I have received news of very large and wealthy provinces with wealthy lords, richly attended, especially the one they call Hueytapalan or in another language, Xucutaco which I....have discovered at last is eight or ten days march from Trujillo, that is to say, some 50 or 60 leagues.
The reference is to provinces, not cities. There is no mention of a white or lost city. Since Cortes did not visit the Mosquitia, all this letter could provide would be rumors about areas further to the east.
The source of the wealth of these provinces and their lords is usually inferred from the second historical source cited, an account of the colony of Honduras by its new bishop, Cristobal de Pedraza, in 1544. There, he wrote of standing looking east from the top of a mountain somewhere east of Olancho, Honduras:
We saw a large piece of land, and in the other part of it, to the east, with large towns (or populations) and the land with many rivers.
He sent for some local Indians to ask about the lands that he saw:
and asking through our interpreters what land it was, they replied that it was Taguisgualpa which in their language means the place where they smelt gold because in their most important city there is a gold work where they come from many parts of the land to smelt gold, and from the surrounding mountains that they say are close to Veragua.
The Province of Taguzgalpa, as it became known, corresponded to eastern Honduras. It was occupied by the Tawahka, Pech, Miskito, and Sumo.
"Veragua" referred to the lower Central American coast, from Nicaragua through to the Rio Belen in Panama. Historically, this was a location of Precolumbian goldworking.
In contrast, Honduran archaeological sites, although yielding many examples of copper alloy objects, were not generally sources of gold. One complete gold figure found in the Ulua River valley was clearly an imported object, made in the Costa Rica-Panama area. Fragments of another such figure were buried below Stela H at Copan. But the gold-producing area was a long way from Honduras. What these pre-hispanic discoveries attest to is a network of exchange and travel reaching from Honduras to Panama-- the same network that conveyed reports about distant wealthy provinces of gold workers to Cortes and Pedraza.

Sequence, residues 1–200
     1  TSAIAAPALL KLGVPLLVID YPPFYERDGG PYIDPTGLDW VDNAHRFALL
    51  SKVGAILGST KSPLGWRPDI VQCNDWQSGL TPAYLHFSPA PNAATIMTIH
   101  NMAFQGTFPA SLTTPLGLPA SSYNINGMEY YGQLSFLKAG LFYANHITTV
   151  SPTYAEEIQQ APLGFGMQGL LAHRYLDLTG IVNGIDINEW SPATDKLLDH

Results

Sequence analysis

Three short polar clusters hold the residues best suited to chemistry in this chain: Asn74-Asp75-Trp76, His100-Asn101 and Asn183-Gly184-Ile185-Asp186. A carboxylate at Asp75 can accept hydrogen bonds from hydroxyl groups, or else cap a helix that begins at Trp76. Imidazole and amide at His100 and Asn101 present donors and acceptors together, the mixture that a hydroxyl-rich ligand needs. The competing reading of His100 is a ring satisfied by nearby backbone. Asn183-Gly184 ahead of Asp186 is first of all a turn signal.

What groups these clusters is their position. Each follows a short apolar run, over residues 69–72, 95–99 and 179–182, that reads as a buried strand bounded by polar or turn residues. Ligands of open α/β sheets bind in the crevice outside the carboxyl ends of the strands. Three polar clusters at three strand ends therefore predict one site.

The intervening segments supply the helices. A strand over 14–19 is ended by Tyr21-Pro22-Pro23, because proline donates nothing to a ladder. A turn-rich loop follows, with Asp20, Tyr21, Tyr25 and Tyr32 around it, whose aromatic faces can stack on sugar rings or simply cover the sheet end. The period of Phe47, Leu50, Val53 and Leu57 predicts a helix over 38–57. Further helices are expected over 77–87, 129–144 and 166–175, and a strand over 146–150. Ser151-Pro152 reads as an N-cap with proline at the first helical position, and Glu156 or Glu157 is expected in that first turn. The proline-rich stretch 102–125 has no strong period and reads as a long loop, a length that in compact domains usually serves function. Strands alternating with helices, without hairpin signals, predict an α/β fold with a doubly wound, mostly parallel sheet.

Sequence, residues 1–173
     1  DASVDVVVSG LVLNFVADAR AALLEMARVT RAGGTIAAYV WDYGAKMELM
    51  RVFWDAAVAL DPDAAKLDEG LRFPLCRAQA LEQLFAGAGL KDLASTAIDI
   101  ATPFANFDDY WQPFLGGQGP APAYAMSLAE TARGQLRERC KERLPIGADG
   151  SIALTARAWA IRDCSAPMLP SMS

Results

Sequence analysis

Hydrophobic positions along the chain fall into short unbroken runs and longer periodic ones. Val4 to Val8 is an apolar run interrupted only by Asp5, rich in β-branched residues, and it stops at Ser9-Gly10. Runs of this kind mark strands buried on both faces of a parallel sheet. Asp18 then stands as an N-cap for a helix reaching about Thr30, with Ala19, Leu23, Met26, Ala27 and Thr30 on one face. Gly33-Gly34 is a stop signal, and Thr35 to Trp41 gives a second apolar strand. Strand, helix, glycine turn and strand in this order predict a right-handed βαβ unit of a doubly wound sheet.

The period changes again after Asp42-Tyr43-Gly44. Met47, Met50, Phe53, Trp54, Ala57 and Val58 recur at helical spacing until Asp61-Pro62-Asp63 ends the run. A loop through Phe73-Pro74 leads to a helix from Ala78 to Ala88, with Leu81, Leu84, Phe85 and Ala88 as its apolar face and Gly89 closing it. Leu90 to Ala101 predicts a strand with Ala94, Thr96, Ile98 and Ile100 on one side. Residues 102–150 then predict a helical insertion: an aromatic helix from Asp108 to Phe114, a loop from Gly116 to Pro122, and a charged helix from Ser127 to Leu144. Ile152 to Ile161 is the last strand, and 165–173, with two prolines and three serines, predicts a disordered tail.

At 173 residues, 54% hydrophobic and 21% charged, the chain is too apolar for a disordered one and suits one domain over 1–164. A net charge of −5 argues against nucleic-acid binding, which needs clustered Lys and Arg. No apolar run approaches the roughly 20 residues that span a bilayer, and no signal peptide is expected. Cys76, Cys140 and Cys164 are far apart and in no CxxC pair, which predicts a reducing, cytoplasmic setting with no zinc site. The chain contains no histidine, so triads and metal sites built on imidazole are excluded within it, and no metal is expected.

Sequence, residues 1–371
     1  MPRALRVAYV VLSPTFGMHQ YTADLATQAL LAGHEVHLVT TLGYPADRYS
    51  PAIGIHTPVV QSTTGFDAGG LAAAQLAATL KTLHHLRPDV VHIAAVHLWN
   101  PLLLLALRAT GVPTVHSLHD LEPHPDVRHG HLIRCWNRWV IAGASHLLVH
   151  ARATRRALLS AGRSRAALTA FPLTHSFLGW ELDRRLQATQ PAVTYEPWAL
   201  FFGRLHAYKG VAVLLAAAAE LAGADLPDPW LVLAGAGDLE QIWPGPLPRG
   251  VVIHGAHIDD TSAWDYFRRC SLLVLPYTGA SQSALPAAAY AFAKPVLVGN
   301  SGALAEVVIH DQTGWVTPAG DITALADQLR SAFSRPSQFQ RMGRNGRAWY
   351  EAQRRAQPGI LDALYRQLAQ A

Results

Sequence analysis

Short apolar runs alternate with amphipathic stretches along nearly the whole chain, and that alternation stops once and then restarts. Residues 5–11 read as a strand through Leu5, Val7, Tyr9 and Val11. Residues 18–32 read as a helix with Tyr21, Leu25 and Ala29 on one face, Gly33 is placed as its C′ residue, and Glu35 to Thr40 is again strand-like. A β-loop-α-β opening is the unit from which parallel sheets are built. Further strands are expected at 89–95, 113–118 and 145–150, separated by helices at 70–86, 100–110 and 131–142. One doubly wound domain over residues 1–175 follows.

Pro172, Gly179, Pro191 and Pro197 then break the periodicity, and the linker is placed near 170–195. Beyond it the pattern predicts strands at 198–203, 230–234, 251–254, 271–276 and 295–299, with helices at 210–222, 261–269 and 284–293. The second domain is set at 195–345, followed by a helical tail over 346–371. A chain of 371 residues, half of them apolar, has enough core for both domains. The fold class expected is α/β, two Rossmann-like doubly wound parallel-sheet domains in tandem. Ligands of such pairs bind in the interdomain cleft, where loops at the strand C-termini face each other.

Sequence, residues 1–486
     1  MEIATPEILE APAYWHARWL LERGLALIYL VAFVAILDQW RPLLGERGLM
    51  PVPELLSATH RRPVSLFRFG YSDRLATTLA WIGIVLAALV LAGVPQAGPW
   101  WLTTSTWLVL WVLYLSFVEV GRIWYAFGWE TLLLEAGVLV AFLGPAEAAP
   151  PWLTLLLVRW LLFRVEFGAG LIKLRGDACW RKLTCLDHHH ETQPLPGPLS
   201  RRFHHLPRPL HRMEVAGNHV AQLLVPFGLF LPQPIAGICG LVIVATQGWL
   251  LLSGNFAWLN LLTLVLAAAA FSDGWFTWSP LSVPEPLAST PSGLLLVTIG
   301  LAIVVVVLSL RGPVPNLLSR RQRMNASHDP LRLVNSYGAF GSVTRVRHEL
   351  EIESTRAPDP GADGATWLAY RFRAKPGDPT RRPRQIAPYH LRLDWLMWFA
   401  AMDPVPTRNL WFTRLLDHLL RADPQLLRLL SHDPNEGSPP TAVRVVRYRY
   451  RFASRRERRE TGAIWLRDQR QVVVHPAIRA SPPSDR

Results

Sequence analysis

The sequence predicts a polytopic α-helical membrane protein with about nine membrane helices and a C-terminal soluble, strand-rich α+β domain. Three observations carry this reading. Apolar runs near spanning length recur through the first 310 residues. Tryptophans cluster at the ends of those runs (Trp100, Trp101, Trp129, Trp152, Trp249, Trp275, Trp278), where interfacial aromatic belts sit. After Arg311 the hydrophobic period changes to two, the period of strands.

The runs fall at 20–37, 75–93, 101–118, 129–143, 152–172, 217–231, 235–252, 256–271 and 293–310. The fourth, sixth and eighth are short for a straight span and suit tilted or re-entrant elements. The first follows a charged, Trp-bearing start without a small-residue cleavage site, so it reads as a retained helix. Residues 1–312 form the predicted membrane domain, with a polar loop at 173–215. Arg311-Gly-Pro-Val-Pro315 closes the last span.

While Pedraza was given a description of a city focused on the production of gold objects (Cibola anyone?) he did not get a mention of a White or Lost City.
Chris Begley has actually written scholarly papers about the White City legend. In "Reading and Writing the White City Legend: Allegories Past and Future", published in 2007 in Southwest Philosophy Review, Begley and Ellen Cox note that Begley has been taken to more than 5 different sets of ruins that informants (non-indigenous people) said were the Ciudad Blanca.
This article also sheds light on what is usually the third source cited by enthusiasts claiming to have found or to be seeking Ciudad Blance. Begley recounts that the Pech and Tawahka people of Honduras have a myth about Wahai Patatahua ("place of the ancestors") and Kao Kamasa ("the white house") at the headwaters of the confluence of two rivers, by a pass through the mountains. In Pech mythology, this location is the place to which their gods retreated after the Spanish came. Begley says the Pech identified this location with the wild and remote part of their lands in the Mosquitia.
Ciudad Blanca, in other words, is not a specific ruin with a charter that runs from the colonial Spanish histories to the present. There is no single place that is Ciudad Blanca. Rather, as Chris Begley demonstrated through hard fieldwork, there are a series of archaeological sites underneath the heavy forest in undeveloped parts of the Mosquitia. That's neither surprising nor news.
SAR and LIDAR are wonderful and expensive tools for finding archaeological sites. Neither is within the normal budget of archaeologists.
The LIDAR study being touted by the Honduran government, but not, we note, by any Honduran or international archaeologists, was valued at $1.5 million.
The "Ciudad Blanca" story is a great legend. It is hardly surprising that a media company would support the storyline of discovery and (potential) treasure that it represents.
But the Honduran Institute of Anthropology and History should be providing reliable knowledge about the past to the Honduran people, and international audiences.